Well, I guess my point was more that the distro oughtn't to create this file in the first
place. One of X.org's biggest problems these days seems to be the little programs that Linux
distributors knocked together in Perl or C ten years ago that try to create a "correct"
configuration, often at install time. Obviously anything that the distro manually configures
at install time and which subsequently needs changing is going to be a pain for the user.
We can't really blame the distributors for doing this back when XFree86 wasn't smart enough to
just pick a working driver and configure it, but we can blame them for not re-assessing this
decision some time between when X was first able to run without configuration and today. By
the point when Etch was released such a file was necessary for only a tiny minority of users,
and so it should not be written by default.
You won't have to remove the file again - it should stay gone (unless sadly you have to
recreate it due to one of the outstanding limitations of the auto-configured X server, but
fixing these ought to be a priority)
I have to say I did not realise that they made G400s with DVI, I guess it figures given the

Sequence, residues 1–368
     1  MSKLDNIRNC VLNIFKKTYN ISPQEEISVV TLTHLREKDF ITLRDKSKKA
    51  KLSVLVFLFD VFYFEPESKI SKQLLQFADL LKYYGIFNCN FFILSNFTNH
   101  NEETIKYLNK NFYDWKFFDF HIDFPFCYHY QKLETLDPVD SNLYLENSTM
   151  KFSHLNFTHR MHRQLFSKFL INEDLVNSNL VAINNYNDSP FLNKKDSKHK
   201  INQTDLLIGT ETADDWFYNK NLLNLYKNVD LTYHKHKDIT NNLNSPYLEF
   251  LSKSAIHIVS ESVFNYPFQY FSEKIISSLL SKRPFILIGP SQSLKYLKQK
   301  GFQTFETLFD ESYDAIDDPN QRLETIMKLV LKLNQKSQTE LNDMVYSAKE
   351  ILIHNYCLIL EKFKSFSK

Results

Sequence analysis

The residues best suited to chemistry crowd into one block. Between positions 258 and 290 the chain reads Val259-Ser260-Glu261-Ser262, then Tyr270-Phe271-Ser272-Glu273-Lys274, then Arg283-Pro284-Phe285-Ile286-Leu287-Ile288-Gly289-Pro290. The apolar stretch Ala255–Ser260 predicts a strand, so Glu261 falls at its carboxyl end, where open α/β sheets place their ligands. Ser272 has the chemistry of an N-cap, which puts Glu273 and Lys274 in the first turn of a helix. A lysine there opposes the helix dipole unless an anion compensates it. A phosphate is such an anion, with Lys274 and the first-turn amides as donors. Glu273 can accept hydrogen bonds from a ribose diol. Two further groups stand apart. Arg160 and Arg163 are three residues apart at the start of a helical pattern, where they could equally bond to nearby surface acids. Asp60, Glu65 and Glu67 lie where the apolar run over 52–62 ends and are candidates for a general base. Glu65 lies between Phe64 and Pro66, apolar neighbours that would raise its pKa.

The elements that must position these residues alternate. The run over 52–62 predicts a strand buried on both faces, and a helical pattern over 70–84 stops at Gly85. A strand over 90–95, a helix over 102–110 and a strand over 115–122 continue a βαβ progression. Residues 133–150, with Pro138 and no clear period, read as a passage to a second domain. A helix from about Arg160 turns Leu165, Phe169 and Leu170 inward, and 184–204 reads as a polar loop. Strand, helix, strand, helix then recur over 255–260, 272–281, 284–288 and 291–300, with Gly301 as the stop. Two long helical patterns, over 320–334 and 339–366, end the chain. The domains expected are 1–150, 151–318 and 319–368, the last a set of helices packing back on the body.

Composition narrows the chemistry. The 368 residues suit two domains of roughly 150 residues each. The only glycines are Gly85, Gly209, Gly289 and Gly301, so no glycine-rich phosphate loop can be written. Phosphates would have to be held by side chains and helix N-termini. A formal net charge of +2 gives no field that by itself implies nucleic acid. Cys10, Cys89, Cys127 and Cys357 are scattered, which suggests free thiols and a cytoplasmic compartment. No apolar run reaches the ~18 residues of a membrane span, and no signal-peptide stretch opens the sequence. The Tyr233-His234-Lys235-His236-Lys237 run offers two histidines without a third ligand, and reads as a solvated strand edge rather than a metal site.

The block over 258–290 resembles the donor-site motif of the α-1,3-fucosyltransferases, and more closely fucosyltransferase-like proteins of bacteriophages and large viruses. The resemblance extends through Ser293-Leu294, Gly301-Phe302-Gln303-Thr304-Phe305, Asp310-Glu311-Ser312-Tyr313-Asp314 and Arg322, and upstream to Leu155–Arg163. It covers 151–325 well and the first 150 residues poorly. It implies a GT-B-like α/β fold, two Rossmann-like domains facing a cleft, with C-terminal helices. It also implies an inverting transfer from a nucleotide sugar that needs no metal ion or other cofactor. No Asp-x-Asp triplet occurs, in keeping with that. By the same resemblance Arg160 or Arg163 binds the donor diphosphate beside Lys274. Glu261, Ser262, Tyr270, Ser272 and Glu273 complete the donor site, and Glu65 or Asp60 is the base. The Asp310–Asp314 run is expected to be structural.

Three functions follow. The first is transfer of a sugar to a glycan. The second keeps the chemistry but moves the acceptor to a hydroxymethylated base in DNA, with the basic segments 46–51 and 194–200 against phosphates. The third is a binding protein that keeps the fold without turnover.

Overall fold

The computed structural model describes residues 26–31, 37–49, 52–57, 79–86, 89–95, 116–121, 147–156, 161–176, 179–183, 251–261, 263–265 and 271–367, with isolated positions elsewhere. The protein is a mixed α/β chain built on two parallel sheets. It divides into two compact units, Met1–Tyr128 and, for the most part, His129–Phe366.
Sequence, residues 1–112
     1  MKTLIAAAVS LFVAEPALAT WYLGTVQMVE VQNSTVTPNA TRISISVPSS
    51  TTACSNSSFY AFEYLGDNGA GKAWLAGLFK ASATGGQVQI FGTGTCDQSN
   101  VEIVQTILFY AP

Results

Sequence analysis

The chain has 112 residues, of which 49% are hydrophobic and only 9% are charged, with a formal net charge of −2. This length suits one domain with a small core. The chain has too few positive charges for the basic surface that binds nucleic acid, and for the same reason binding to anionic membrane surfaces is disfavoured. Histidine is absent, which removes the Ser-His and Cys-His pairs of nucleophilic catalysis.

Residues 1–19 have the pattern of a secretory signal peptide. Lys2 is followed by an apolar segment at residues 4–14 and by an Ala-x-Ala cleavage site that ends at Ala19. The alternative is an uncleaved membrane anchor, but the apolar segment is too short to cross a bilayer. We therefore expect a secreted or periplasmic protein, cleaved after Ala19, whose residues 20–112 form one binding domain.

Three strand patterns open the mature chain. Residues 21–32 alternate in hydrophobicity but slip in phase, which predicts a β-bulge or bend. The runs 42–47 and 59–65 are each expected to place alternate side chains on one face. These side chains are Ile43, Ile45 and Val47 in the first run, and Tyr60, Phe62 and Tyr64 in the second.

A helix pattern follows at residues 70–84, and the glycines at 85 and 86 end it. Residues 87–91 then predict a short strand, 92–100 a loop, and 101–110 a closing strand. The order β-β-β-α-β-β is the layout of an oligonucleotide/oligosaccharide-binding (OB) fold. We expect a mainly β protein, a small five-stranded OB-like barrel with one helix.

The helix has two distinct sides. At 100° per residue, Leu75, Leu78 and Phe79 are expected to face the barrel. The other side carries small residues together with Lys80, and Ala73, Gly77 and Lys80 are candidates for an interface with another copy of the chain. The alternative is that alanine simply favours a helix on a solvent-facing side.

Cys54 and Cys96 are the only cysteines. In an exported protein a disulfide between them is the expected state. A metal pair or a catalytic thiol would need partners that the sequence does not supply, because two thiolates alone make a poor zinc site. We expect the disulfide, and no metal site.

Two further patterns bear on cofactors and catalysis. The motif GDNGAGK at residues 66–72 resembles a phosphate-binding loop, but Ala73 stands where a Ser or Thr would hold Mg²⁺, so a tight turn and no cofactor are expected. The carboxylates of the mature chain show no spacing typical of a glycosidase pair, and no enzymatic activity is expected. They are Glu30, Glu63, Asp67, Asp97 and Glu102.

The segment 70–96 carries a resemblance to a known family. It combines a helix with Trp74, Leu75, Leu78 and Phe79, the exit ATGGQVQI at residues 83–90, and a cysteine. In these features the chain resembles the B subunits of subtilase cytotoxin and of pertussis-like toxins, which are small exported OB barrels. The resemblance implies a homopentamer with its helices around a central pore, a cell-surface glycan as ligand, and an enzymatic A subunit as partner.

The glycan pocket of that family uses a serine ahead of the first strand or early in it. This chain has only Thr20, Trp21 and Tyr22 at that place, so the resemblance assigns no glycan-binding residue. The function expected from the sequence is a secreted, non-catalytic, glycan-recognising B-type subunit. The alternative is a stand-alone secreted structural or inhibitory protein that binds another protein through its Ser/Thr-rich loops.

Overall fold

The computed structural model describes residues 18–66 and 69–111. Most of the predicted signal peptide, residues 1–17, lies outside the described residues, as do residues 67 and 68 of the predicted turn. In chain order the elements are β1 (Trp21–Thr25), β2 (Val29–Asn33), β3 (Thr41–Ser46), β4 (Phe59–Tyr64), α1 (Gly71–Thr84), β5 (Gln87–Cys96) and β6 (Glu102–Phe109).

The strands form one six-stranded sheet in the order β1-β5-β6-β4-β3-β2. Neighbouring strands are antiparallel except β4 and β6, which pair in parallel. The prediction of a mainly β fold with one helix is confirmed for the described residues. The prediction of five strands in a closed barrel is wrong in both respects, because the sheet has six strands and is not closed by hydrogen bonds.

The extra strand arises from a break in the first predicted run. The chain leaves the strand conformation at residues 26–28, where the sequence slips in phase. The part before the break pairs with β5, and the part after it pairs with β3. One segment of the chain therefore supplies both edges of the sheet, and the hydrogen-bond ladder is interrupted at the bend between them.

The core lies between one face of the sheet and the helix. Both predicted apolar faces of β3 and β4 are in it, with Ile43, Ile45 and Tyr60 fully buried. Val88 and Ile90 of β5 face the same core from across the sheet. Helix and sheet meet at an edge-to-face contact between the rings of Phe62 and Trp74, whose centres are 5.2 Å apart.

niche where Matrox makes money but it was still a surprise to me. My G400 just had a single
VGA output. Yeah, that chipset is not well supported and mine has been in a junk pile for some
number of years. Apparently its video BIOS doesn't enable the DVI output (else you'd see
something) so that means it's not just Linux, any OS without explicit support for that
hardware won't work with DVI on that chip, which is pretty sad.
I don't think there's much chance that anyone will look at a nearly 10 year old chip now and
think "Ooh, reverse engineering the DVI output looks like a fun project for a rainy weekend"
so you may be SOL, sorry. And I can see how you'd feel misled, the G400 is documented as
working, without a caveat about that DVI output.